Norway's oil industry has received a blow from one of its most important political allies.
A move that will make oil production in the area even more unlikely than it already was and makes the support of Norwegian politicians in the future highly uncertain.
The opposition Labor Party, the country's largest force in Paramento and a longtime supporter of the industry, has decided to stop supporting oil exploration through drilling off the beautiful Lofoten Islands in the Norwegian Arctic.
This important decision was announced by party leader Jonas GahrStore who, however, made it clear that the Labor Party will continue to be a supporter of the oil industry, but acknowledged that there is now a majority in the party in favor of this change. For its part, it will continue to support the existing tax system that includes exploration reimbursements.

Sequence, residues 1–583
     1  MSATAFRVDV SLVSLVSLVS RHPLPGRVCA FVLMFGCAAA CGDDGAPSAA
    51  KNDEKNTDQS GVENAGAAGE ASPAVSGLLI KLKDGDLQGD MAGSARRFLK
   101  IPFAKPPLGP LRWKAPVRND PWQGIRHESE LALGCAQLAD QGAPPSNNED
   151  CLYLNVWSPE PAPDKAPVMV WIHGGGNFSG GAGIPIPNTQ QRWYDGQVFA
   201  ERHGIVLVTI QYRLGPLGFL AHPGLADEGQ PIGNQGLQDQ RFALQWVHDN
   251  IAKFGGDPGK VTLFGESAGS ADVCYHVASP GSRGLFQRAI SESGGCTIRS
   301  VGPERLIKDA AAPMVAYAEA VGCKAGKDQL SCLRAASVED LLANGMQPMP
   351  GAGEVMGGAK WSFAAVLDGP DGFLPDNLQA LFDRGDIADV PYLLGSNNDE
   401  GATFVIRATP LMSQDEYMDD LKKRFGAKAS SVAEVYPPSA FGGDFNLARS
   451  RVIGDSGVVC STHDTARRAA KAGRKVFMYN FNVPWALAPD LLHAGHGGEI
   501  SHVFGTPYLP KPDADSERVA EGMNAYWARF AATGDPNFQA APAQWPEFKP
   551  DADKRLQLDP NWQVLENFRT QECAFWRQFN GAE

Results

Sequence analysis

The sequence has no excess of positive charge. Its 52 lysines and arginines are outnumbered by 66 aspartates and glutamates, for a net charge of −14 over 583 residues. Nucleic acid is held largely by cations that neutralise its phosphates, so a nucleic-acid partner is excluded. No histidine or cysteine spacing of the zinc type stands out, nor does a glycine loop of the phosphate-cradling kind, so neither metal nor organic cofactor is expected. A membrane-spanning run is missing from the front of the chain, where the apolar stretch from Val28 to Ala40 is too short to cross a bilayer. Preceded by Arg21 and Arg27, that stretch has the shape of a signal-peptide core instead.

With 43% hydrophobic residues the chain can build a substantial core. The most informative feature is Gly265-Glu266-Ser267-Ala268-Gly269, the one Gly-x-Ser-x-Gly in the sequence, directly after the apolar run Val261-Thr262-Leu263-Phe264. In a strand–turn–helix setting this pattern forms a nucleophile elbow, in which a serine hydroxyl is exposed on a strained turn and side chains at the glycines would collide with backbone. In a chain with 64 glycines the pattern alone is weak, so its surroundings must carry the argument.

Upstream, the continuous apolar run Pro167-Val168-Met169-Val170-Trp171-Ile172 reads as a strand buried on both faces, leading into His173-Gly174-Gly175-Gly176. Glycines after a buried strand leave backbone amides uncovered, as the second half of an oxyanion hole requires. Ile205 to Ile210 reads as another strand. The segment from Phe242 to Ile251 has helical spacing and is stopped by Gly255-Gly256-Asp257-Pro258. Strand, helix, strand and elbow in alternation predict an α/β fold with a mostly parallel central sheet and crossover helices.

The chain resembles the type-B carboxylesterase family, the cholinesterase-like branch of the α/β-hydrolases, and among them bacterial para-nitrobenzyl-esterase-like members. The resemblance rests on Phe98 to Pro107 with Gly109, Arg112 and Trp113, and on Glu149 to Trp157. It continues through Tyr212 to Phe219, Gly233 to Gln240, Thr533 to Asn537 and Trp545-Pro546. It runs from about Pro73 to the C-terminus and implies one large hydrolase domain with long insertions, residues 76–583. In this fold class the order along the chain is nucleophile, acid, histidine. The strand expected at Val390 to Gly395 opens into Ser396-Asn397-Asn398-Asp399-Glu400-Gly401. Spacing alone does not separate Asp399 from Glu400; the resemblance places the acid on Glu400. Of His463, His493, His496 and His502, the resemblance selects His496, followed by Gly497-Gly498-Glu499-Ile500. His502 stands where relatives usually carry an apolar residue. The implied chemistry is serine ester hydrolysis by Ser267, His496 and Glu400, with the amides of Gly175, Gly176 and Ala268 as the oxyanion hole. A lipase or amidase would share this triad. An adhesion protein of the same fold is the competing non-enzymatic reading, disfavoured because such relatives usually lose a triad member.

There should still be 1 to 3 billion barrels of oil in the seabed of the Lofoten archipelago. The area had already been kept safe from drilling by Norwegian coalition governments through various political agreements but was not entirely safe.
Due to growing concern about climate change, the Norwegian oil industry is gaining less public support, and legal threats from environmental groups are becoming more frequent.
A few days ago,the country also announced that Norway's oil companies will have to commit to making operations completely emission-free.
A goal that the country's top oil industrialist called "very challenging."
"The whole industry is surprised and disappointed," Karl EirikSchjott-Pedersen, head of the Norwegian Oil and Gas Association, told Bloomberg.